My son will be out of school in 6 days. Mini-vacations and friend play-dates and lots of tree-climbing and swimming are planned for this summer, too. We’ve already caught a dozen toads and two turtles – talk about starting the summer right! Having my Bug’s sweet little face to look at every day and spending time playing with him will help make the writing and editing less intense and stressful – at least, that’s my hope! Either way, I’m looking forward to summertime.

What does your summer look like?

When Stories Are Truer Than Fact

This is a guest post by Suzannah Rowntree, the author of the freshly released (as in, yesterday!!) Pendragon’s Heir.

____________

As the author of a novel which is rooted in a deep and abiding love of medieval literature, I’ve spent much time over the last few years meditating on what great works of literature can teach us about the people who produced them.

Take The Song of Roland, a medieval French epic of Charlemagne’s retreat across the Pyrenees into France. Of this tale of betrayal, tragedy, and justice, which is almost entirely fictional from beginning to end, Dr George Grant says, “Its true lies tell us much about ourselves, our world, and the shaping of Western Civilization that we might not otherwise know.”

Stories tell us something far more important than the facts about the people in them. Stories tell us far deeper and more resonant truths about the people who tell them.

The Song of Roland, for instance, is obviously fiction. In this chanson de geste, a nobleman of Charlemagne’s court betrays his rearguard to the Saracens as Charlemagne’s army withdraws across the mountains. At Roncesvalles, the legendary Roland with various other paladins of France fight desperately until evening and then fall defending the PendragonsHeirpass. Horrified by his loss, inspired by the sacrifice of his greatest warrior, and obligated by an emergent chivalric code, Charlemagne recrosses the Pyrenees and wins a resounding victory against the Saracens. Finally Ganelon, the traitor who betrayed Roland to the Saracens, is tried and executed, not so much for his betrayal of the kingdom as for his betrayal of the chivalric virtues of Christendom: fidelity to a lord, the bonds of brotherhood between Christian warriors, and the defence of the faith against pagans.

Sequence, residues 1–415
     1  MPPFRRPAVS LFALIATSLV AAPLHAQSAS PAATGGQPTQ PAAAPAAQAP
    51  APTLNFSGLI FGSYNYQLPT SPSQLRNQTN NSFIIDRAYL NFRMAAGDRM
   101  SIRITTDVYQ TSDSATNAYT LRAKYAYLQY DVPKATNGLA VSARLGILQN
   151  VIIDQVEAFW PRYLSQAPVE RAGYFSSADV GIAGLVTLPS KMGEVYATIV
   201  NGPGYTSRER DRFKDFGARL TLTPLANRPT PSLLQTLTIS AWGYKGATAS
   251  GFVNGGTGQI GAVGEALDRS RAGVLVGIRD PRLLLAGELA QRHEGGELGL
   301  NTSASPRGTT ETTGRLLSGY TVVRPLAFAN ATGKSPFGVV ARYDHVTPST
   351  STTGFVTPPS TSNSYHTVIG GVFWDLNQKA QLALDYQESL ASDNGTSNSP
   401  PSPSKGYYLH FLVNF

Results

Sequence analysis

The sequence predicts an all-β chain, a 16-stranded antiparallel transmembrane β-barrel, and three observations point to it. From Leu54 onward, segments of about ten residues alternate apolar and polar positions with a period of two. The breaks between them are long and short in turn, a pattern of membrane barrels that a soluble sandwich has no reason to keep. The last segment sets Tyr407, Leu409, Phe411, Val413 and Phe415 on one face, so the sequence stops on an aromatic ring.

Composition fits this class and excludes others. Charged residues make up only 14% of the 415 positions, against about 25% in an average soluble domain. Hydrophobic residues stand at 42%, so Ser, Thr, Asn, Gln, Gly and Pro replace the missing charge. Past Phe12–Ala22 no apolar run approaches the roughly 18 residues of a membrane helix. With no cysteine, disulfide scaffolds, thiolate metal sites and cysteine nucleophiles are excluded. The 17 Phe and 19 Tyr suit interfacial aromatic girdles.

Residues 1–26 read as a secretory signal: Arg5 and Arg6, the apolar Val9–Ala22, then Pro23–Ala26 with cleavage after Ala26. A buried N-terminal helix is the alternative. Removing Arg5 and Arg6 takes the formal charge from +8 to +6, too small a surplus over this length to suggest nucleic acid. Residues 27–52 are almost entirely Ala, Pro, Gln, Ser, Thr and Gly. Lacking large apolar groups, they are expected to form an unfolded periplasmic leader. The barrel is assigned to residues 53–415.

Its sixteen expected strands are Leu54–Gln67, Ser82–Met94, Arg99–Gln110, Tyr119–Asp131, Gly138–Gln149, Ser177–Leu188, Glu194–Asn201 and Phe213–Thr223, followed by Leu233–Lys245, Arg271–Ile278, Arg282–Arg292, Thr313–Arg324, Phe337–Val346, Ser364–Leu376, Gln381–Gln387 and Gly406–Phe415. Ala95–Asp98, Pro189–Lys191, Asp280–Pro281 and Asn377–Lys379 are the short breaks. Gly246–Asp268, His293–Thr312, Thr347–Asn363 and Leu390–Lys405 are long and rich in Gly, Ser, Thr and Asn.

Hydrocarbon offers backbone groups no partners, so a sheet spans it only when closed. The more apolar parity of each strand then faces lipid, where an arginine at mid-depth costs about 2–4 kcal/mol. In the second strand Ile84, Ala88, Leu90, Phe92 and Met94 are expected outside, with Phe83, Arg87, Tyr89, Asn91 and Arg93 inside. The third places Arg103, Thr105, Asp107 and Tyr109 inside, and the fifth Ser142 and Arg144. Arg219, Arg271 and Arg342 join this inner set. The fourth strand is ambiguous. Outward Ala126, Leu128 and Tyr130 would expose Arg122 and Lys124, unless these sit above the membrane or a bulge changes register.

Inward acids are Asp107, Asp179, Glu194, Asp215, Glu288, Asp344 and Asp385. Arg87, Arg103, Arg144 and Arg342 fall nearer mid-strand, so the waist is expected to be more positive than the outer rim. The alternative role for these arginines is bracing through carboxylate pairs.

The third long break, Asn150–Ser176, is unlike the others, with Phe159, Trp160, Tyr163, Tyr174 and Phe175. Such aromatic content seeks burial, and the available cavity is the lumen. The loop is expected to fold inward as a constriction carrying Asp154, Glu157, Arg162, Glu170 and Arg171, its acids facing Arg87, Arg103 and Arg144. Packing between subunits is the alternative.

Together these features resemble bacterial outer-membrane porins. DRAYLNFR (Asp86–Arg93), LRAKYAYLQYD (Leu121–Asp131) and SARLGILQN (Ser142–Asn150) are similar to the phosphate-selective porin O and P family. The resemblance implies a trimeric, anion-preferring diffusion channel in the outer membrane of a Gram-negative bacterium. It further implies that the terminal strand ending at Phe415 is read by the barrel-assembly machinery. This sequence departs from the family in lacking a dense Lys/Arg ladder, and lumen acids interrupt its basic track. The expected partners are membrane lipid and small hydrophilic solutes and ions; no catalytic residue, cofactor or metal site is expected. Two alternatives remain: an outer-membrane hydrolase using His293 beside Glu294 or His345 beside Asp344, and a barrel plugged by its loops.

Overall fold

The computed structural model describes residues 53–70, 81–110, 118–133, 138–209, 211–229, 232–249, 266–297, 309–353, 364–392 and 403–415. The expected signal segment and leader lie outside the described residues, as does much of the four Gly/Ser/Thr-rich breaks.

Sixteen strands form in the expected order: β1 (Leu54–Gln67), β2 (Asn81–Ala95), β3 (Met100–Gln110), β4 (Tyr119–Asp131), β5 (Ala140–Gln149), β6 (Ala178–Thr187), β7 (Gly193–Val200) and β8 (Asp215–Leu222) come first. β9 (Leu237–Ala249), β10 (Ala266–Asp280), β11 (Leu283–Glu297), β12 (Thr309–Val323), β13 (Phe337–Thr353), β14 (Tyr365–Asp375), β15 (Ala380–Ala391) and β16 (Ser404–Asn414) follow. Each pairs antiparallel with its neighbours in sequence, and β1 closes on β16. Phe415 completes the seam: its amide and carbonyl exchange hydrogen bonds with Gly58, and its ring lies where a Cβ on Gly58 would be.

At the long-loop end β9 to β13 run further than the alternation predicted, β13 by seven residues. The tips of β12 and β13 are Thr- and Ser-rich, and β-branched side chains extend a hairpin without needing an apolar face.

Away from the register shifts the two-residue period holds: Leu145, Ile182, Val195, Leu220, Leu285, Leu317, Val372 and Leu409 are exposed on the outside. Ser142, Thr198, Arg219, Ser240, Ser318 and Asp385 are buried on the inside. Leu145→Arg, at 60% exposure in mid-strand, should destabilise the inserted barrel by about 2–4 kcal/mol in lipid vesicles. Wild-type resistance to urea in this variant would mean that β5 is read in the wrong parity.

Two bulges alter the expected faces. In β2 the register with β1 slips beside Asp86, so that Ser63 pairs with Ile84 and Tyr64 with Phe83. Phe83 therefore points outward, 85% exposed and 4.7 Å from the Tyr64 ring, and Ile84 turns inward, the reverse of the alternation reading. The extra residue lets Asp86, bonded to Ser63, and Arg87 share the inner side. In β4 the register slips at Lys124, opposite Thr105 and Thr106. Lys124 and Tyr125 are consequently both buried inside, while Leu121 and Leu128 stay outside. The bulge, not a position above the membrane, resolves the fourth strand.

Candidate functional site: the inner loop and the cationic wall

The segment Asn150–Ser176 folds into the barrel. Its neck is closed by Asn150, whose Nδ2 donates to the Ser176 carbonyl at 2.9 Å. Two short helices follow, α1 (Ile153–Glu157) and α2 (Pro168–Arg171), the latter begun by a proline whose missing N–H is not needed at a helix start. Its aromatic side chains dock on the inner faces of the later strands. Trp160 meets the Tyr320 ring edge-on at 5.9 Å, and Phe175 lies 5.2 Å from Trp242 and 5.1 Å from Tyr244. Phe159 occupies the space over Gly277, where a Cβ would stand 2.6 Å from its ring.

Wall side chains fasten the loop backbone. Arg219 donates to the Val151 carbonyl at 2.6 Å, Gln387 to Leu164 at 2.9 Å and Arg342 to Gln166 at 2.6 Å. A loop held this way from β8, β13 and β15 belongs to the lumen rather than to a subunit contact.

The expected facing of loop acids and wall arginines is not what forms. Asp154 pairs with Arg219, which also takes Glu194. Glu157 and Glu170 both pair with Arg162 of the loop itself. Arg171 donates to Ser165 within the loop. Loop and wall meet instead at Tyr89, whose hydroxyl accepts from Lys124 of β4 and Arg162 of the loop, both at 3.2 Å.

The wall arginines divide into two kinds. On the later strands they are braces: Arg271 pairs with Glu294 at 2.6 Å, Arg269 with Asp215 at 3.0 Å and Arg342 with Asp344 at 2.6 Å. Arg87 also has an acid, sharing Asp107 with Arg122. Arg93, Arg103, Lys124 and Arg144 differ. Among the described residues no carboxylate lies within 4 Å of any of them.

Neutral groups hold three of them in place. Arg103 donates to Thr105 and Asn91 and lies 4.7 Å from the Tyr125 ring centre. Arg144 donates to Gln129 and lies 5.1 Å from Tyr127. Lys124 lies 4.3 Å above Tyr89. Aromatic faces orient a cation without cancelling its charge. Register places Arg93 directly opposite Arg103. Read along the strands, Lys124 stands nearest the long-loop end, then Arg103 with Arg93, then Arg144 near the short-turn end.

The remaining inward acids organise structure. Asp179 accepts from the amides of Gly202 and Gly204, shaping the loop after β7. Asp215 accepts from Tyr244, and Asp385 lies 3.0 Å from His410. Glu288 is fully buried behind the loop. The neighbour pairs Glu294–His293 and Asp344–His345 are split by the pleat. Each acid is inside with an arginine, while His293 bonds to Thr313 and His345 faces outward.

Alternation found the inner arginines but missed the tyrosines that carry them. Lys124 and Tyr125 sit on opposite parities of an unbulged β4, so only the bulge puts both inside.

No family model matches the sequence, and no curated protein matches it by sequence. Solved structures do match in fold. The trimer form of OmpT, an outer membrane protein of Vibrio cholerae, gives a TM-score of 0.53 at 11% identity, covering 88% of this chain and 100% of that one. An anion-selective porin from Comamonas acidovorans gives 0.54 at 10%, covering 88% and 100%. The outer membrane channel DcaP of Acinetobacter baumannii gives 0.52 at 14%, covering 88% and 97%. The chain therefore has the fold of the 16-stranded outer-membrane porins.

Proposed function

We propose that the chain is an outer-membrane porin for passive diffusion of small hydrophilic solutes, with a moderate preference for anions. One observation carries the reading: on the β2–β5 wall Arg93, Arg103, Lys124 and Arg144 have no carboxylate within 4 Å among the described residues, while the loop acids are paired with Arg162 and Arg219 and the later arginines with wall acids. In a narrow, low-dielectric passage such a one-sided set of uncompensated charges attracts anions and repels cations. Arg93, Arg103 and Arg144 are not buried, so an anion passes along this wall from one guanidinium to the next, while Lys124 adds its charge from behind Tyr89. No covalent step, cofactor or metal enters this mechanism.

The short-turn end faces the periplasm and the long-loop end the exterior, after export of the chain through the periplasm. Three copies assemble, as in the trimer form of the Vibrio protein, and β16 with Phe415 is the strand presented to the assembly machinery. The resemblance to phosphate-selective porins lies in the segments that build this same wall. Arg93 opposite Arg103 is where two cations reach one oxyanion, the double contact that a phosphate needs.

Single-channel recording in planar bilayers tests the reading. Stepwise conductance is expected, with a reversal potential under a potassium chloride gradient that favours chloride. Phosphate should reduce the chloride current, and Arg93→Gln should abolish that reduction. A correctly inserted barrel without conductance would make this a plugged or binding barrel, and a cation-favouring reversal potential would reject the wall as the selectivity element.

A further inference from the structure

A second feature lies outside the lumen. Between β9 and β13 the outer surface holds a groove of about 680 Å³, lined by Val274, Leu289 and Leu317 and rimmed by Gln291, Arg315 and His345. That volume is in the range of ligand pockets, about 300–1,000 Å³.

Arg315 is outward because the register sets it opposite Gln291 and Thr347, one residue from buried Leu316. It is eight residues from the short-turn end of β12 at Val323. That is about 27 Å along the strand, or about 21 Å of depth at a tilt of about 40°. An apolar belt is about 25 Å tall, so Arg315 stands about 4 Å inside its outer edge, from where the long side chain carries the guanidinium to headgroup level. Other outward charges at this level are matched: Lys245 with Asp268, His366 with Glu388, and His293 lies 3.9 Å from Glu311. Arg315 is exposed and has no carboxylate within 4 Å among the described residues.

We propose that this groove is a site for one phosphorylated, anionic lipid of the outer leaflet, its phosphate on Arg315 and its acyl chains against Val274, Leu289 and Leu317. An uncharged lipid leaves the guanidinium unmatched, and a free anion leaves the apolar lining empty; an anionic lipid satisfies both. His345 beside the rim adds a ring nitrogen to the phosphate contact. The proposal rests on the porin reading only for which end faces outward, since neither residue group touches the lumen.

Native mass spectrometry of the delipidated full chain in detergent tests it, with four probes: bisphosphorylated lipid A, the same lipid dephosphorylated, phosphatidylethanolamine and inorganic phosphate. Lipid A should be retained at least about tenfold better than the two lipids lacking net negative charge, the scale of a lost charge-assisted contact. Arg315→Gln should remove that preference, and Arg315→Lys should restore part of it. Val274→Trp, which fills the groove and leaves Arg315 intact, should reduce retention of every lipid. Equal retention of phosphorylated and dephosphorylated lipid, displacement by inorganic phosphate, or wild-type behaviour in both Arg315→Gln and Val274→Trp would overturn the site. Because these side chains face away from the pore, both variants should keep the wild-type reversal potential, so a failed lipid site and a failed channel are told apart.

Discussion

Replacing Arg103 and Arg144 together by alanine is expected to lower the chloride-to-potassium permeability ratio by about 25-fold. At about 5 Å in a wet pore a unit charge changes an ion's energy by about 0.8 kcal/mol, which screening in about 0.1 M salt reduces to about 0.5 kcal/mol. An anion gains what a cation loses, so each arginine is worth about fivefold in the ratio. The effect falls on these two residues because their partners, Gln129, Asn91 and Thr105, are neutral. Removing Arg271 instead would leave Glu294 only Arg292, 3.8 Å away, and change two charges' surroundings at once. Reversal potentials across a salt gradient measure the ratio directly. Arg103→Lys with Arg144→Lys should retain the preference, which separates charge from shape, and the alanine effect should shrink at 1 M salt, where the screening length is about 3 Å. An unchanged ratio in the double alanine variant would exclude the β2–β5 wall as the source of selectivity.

Very little, if any, of this story is historical. But what it gives us is a snapshot of medieval civilisation at the very flowering-point of chivalry. In Dr Grant’s summary, “Roland…was the epitome of the great Christian knight. He was loyal, he was faithful, he was trustworthy to the end, and for Ganelon to betray that virtue with his cunning was to undercut the whole of Christian civilisation.” Like many other stories, The Song of Roland uses its fiction to tell us what lies, most burning, more insistent, most truly in the hearts of its tellers and hearers.

If this is true for a single literary work like The Song of Roland, how much more might it be true for the Matter of Britain—one of the most often-retold tales in Western history?

The body of legends known today as the Arthurian legendarium, or the Matter of Britain, has come down to us in a vast body of iterations and reiterations. Scholars today continue to debate the existence of Arthur, the man at their centre. Did he really exist? Was he Roman, Celtic, or Sarmatian? And what, exactly, did he do? Defeat pagan invaders—win the battle of Mount Badon—preserve civilisation for a time before the Saxon conquest?

knights at round tableAbout the only thing we do know for certain is that the vast majority of the stories about this man were invented by pseudo-historians, minstrels, and romancers. We see each new storyteller putting his own gloss on each of the tales and sending it on to the next storyteller to gain new details, new characters, new adventures. At the same time they pick up new anachronisms: a courtly love tradition that certainly could not have existed in the sixth century when the real Arthur may have lived; a code of chivalry; the latest knightly weapons and fighting tactics.

Apart from perhaps one small grain of truth, the Arthur legends are fiction. Yet, over the years I worked on Pendragon’s Heir, my own retelling of the Matter of Britain, I came to appreciate just how profoundly truthful these tales could be—a truth powerful enough to captivate storytellers and audiences from England and Wales to France and Germany, from the High Middle Ages right down to the present day.